7 Copywriting Strategies the Great Copywriters Wish You Knew


We sometimes talk about copywriting strategies and content marketing like they’re the same, but they aren’t — they complement each other, but they also serve two distinct purposes.

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Copy, traditionally, is what we use to make the sale. To use Albert Lasker’s phrase, it’s salesmanship in print (or pixels). Its aim is to persuade.

Content does everything else. It attracts an audience, engages their sustained attention, demonstrates your ability to solve their problems, and paves the way for an eventual purchase.

Copywriting strategies directly from the masters (that work for your content)

Content marketing has been the new cool kid in advertising — the web lets us use content to accomplish so much with relatively limited resources.

But really smart content marketers know enough to steal from their more traditional copywriting brothers and sisters. Because when you learn how to be a copywriter, those old-school elements of persuasion will make everything in your content work better.

Here are 7 copywriting strategies you’ll want to swipe from the rich tradition of direct response copywriting.

#1: Headlines, headlines, headlines

Copywriters know that if the headline is weak, the ad will never get read.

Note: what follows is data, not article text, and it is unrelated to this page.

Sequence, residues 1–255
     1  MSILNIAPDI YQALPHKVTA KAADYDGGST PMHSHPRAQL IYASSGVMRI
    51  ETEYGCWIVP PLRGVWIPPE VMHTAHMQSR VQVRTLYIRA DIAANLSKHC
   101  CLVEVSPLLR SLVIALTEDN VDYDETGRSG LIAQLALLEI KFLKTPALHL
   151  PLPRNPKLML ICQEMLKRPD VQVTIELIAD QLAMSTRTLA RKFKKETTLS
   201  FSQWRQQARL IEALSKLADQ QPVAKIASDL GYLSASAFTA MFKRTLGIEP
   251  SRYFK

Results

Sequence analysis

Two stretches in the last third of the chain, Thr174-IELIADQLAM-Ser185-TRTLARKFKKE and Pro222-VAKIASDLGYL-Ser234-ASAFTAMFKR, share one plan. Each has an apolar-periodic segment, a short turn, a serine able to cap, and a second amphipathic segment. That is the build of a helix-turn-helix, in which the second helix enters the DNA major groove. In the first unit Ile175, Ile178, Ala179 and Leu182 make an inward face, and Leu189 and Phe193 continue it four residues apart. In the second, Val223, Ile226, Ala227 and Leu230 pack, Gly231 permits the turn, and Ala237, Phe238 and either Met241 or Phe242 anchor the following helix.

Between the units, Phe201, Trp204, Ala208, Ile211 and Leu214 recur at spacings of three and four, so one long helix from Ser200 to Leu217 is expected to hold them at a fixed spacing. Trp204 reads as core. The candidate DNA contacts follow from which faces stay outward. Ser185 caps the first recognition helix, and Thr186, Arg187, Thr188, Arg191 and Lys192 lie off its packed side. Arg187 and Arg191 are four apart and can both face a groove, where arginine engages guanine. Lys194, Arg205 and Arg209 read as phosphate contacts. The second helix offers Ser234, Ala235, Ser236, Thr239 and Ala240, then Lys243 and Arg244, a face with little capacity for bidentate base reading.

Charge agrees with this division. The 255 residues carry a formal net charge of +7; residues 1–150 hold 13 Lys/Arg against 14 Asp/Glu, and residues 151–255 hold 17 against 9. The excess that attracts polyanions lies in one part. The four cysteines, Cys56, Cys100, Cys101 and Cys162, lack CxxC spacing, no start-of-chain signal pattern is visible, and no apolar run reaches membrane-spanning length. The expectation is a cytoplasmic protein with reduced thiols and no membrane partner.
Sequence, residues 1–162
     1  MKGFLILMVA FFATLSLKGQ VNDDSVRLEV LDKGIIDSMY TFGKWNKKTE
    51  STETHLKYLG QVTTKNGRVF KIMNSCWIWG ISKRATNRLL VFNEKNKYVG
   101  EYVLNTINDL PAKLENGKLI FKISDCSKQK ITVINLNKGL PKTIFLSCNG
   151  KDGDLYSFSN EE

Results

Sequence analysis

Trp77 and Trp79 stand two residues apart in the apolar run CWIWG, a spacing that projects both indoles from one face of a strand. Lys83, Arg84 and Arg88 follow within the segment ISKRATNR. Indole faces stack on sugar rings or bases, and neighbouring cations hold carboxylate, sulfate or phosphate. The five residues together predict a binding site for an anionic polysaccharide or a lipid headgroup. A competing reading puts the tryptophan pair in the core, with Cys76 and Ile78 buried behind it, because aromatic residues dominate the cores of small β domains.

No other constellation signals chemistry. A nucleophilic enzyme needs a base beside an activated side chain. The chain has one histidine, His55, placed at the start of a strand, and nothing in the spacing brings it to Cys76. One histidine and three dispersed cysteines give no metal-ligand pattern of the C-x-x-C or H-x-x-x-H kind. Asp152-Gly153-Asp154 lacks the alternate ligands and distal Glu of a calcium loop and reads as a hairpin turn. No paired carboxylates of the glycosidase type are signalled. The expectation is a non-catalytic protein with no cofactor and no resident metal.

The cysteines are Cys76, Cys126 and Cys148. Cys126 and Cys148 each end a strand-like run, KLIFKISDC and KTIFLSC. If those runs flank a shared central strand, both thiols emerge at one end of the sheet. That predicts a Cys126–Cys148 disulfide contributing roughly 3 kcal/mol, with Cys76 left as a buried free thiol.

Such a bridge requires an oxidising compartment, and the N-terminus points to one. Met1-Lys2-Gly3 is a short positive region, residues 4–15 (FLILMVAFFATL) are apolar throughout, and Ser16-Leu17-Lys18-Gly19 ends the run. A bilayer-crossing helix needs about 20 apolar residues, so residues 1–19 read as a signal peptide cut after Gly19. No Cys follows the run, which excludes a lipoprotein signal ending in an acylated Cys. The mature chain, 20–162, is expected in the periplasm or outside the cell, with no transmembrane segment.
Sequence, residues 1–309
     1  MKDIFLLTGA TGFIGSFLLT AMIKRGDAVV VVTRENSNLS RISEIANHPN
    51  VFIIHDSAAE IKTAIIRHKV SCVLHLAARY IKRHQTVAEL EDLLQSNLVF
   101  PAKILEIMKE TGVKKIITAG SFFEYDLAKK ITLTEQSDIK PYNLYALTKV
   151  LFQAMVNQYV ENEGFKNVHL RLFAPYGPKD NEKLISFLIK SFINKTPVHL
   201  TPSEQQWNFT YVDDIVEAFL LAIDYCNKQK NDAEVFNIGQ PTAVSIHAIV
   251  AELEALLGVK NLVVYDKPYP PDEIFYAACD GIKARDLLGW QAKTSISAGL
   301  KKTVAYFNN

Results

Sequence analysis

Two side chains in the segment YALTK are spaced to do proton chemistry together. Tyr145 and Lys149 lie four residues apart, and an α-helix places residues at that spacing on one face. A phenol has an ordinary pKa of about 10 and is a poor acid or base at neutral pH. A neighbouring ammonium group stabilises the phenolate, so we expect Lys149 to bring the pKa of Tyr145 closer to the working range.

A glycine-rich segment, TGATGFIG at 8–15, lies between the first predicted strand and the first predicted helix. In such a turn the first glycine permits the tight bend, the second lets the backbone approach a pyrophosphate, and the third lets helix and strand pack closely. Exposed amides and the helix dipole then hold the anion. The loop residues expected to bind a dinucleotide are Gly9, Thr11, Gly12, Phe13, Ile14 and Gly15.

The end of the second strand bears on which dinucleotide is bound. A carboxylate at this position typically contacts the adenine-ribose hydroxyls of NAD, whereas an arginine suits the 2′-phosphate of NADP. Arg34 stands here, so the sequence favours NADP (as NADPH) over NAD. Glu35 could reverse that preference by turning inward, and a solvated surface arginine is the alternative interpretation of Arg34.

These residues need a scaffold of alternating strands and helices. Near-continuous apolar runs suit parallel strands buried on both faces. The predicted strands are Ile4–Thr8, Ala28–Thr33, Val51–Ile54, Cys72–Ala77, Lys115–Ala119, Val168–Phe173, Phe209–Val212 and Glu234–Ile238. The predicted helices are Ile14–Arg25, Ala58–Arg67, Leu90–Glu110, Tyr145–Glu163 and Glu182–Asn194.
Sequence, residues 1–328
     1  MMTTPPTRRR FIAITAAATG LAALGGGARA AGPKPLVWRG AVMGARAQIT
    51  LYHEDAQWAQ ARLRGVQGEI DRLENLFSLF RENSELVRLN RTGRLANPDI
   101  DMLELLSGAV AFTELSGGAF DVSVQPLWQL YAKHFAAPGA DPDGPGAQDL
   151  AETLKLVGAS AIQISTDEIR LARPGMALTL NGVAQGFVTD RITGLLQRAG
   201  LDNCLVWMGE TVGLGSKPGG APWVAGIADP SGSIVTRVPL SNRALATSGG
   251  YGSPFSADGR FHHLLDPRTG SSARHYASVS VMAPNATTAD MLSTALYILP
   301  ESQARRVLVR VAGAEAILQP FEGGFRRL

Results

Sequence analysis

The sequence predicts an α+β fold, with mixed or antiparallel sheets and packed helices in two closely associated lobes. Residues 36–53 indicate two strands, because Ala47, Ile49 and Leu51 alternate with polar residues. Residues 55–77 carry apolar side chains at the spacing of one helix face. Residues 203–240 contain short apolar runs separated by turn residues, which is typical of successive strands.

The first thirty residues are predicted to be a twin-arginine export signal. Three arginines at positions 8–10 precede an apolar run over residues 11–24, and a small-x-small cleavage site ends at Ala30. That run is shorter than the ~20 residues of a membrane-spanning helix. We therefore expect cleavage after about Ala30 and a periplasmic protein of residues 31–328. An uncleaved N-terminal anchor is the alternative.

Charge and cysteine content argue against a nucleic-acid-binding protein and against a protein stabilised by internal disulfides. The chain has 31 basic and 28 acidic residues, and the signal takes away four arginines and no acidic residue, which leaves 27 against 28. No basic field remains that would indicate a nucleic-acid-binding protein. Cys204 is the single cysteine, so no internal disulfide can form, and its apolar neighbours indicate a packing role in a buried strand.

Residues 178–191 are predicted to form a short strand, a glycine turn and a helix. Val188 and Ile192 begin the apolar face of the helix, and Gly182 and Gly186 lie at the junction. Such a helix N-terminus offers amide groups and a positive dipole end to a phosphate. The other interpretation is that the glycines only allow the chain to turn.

The same is true for your content. Put a vague, waffly, or obscure headline on the best piece of content the world has ever seen, and it still won’t get read.

Even if you have a decent-sized audience, you still need to persuade them, day in and day out, to continue giving you their attention. Great headlines help with that.

Now, the best headline writing can’t help content that’s consistently thin and weak. But it will do a lot to increase audience engagement for quality content, as well as shares and links.

#2: Quit being so clever

Look, I get it. You wouldn’t be a professional writer if you didn’t have a secret love of clever wordplay.

Puns and in-jokes and linguistic play are the writer’s delight. Just realize … they may not be your audience’s delight.

Writerly craft is a good thing. Thinking carefully about language will make it clearer and more powerful, and that’s what you want. But great copywriters know that cleverness too often leads directly to audience confusion.

A dash of cleverness here and there can add seasoning, so if you do use it, use it sparingly — and never in a headline.

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#3: Develop your copywriting strategies around your Big Idea

As a content marketer, you’re not (I hope) writing endless pages of dry, factual information that merely answers questions.

You’re publishing information that both entertains and educates your reader — and you’re doing it in the framework of a Big Idea.

Think Apple’s “1000 Songs in Your Pocket.” You’re looking for the instant communication of a desirable benefit, compressed into a memorable statement. It’s not always easy to find, but it’s how you write better content.

Don’t just be another writer blogging about design or fashion or parenting. Frame your content with a compelling, ultra specific Big Idea.

#4: Do your research

“The best copywriters are the most tenacious researchers. Like miners, they dig, drill, dynamite, and chip until they have carloads of valuable ore. John Caples advised me once to gather seven times more interesting information than I could possibly use.” – legendary copywriter Gary Bencivenga

If you know how to write a good blog post, it only follows that you’re also an obsessive student of your topic.